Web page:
The initial project goal is to explore the consortium's compound libraries for at least four promising seed compounds for each disease
The Drugs for Neglected Diseases initiative (DNDi) and four pharmaceutical firms, Eisai, Shionogi, Takeda Pharmaceutical, and AstraZeneca have announced the start of a ground-breaking initiative to accelerate and cut the cost of early stage drug discovery for two of the world's most neglected diseases, leishmaniasis and Chagas disease.
The ‘Neglected Tropical Diseases Drug Discovery Booster' consortium, through a carefully engineered modus operandi, will circumvent early stage commercial barriers between the four pharmaceutical participants, allowing DNDi, for the first time, to search millions of unique compounds simultaneously, in the hunt for new treatment leads for leishmaniasis and Chagas disease.
‘This experimental approach to radically modernize drug development for neglected diseases is the result of a decade of growing partnerships with pharmaceutical companies. This experiment could significantly reduce the time and money it takes to find new, promising treatment leads, and echoes the great potential of innovative research and development collaborations,' said Dr Bernard Pécoul, executive director of DNDi.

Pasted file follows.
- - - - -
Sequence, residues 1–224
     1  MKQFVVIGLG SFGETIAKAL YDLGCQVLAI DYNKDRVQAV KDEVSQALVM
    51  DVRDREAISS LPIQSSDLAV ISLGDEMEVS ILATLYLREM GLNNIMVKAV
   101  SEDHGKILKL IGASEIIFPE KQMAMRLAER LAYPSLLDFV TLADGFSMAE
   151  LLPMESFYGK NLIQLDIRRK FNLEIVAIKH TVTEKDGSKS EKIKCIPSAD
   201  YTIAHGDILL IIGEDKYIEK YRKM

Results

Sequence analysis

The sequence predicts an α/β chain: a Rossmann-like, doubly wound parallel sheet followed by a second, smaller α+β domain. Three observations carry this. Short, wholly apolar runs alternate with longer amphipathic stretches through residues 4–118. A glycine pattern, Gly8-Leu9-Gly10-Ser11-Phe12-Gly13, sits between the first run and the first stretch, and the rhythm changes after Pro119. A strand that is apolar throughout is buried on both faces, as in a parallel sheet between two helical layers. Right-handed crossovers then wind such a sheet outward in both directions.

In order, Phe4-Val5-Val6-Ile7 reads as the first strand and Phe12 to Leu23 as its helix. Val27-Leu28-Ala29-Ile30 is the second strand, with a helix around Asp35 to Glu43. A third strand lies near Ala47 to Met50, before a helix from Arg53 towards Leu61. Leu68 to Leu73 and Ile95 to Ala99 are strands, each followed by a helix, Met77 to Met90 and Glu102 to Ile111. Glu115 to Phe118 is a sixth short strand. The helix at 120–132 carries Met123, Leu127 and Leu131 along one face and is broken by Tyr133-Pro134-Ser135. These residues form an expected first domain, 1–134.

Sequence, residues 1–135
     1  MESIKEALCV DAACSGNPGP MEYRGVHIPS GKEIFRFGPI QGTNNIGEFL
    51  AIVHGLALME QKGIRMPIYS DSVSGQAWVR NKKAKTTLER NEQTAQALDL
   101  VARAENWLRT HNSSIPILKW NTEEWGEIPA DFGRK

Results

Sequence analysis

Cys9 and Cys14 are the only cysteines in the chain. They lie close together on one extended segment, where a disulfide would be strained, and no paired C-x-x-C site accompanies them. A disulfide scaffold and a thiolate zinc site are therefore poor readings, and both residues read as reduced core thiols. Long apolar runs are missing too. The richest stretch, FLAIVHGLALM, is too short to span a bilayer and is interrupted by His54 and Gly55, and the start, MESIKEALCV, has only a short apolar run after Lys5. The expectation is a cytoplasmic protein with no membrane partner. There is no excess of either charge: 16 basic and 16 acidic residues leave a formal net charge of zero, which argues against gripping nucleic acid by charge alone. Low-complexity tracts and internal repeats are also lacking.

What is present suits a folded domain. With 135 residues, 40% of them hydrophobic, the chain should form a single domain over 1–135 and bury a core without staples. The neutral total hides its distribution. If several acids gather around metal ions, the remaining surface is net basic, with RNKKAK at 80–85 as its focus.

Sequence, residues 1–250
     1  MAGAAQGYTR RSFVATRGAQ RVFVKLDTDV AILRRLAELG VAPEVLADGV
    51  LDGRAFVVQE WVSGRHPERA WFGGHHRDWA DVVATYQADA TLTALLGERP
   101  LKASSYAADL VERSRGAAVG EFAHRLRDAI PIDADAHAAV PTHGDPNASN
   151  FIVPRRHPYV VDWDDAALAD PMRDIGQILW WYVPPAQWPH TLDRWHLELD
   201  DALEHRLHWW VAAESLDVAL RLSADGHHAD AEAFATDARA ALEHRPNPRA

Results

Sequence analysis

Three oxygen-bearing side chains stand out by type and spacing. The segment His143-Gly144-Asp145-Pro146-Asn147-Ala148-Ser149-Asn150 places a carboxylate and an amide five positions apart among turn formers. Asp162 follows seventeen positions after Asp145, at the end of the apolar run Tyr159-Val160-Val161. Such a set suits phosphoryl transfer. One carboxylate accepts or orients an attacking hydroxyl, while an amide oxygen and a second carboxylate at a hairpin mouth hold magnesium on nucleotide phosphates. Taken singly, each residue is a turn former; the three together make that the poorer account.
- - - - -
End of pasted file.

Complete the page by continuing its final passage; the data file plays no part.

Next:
The innovation of the Drug Discovery Booster not only lies in the multilateral approach, but also in the iterative nature of the search, meaning companies will continually examine their libraries for better matches as the search is refined. The Drug Discovery Booster has the potential to cut up to two years from the early drug discovery process, which takes approximately five years or more, and improve cost-efficiency across research activities.
The new process starts with DNDi providing all four companies with a common chemical starting point, the ‘seed' compound. This compound will have shown promising results against Leishmania or Trypanosoma cruzi, the parasites that cause leishmaniasis and Chagas disease, but may not yet be optimal for use as a future treatment. The four companies will then search their own full collections of high-quality chemical compounds for similar and potentially better molecules, and will select and send the most promising to DNDi, which will then have them screened for potential effectiveness against these two deadly parasitic diseases. The aim is to continually improve the effectiveness of the compounds.